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“The Radiation Measurements Facility (Building 4029) was used between 1959 and 1974 for the storage and use of radioactive sources to calibrate radiation detection instruments for the SRE and other reactor tests,” according to the DOE. “In March, 1964, a radium source was dropped in a storage thimble; the plastic secondary encapsulation cracked and a small amount of radium contaminated the inside of the thimble. No contamination escaped and the thimble was re-sealed.
“All of the sources were removed by April, 1974, and the facility has since been used for temporary storage of non-radioactive materials.
“In 1987 a characterization survey confirmed the contamination at Building 4029 was limited to the aforementioned storage thimble. The contaminated thimble was later removed and disposed of in October, 1989 during D&D of the facility. A final survey was performed by Rocketdyne in 1990. The Oak Ridge Institute of Science and Education (ORISE) and the California Department of Health Services (DHS) then performed verification surveys in 1992 and 1995 respectively, that confirmed that no residual contamination remained. The DHS concurred with release for unrestricted use in 1995. A final decommissioning report was prepared in March 1996. In April 1997 a certification docket was prepared. The DOE released the facility for unrestricted use in 1997 and published the decision in the Federal Register. In January 2000, the EPA performed a document review and validation survey confirming the conclusions of prior surveys.”
Building 4030 – Van de Graaff Accelerator
“There are other ways to generate artificial radioactivity besides nuclear fission (such as in reactors)” says the Department of Energy. “One way is to bombard a target material with atomic particles which have been accelerated to high speeds by means of a particle accelerator. A common form of particle accelerator is a “van de Graaff accelerator”. It uses a high-voltage electrostatic field to accelerate atomic particles to high speeds (high energy levels). Collisions of these particles with a target material (such as aluminum or tritium) can generate small amounts of radioactivity. A van de Graaff accelerator was operated in Building 4030, between 1960 and 1964, bombarding tritium targets with deuterons to produce neutrons.
“In 1966, the accelerator was removed. Beginning in 1972, the building was used as a purchasing office for the site and for traffic and warehousing. Building 4030 was demolished in 1999.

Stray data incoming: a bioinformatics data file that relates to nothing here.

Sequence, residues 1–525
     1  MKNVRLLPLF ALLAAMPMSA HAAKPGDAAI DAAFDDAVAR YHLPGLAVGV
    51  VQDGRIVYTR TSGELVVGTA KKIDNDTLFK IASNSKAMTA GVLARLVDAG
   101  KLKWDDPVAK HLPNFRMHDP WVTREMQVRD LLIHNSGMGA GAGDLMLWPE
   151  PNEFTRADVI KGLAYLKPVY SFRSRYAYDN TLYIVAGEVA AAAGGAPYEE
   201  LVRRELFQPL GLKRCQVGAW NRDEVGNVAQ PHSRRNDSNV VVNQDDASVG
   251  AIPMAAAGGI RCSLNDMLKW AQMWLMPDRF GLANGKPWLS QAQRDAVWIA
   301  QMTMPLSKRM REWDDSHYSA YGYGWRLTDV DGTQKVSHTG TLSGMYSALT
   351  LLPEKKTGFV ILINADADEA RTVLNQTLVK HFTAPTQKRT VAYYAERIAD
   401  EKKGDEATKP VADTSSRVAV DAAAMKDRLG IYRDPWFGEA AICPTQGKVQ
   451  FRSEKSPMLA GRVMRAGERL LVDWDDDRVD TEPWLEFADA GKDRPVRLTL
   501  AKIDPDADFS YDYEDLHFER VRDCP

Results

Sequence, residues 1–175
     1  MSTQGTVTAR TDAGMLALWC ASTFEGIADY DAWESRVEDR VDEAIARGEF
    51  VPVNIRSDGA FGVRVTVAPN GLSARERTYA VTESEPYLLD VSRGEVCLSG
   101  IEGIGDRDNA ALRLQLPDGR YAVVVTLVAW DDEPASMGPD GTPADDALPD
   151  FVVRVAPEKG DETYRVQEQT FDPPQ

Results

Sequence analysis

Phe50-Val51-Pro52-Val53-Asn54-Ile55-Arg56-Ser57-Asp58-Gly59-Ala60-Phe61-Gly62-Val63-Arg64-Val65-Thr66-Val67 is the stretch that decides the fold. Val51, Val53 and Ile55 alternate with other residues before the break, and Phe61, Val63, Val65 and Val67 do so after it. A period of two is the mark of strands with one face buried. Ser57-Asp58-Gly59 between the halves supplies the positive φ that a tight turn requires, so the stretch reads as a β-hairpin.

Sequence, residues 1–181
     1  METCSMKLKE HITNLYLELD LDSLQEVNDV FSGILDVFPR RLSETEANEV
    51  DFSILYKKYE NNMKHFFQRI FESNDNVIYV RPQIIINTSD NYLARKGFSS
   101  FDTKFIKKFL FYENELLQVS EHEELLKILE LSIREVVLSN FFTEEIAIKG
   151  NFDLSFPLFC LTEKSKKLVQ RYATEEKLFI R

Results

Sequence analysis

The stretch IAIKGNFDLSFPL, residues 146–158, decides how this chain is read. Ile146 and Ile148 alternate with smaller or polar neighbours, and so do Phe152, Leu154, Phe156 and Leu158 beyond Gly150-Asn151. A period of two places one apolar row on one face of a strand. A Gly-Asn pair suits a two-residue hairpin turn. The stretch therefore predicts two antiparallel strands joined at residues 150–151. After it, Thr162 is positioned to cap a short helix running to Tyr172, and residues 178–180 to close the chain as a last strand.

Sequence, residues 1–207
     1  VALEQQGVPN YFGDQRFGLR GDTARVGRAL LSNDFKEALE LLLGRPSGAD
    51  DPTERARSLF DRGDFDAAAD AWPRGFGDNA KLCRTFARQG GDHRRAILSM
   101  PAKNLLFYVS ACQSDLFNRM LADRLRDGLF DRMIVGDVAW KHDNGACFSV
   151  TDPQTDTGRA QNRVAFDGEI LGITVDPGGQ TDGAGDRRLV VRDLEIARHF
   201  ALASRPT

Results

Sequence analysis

“The van de Graaff accelerator was removed from the facility and the building put to other non-radiological uses. In 1988 a characterization survey was performed and found no contamination. In September 1995, the Oak Ridge Institute for Science and Education (ORISE) conducted a verification survey. In 1996 Boeing conducted a final status survey and documented it in April 1997. In the 1997, the facility was subjected to a verification survey by the California Department of Health Services (DHS). In November 1997, a final D&D report and a certification docket were prepared.
“The facility was released for unrestricted use by DOE in December 1997 after publication in the Federal Register, and it was released by DHS in January 1999.
“In November 2006, a final status survey of the building footprint was performed showing the land was suitable for release for unrestricted use.
“In February 2008, ORISE performed a verification survey of the building footprint confirming that release limits had been satisfied.
Building 4055 – Nuclear Materials Development Facility
“Building 4055 was constructed in 1967 specifically for development work involving plutonium, and incorporated all of the safety systems and safeguards required for such work,” says the Department of Energy. “From 1968-69, NMDF was used to support the Fast Flux Test Facility through analytical chemistry and research for uranium-plutonium scrap pellet recycling programs. Fission research on microscopic dispersion of tungsten in uranium plutonium fuel was also conducted at that time. For seven months in 1970, the NMDF fabricated mixed uranium-plutonium oxide pellets for irradiation tests.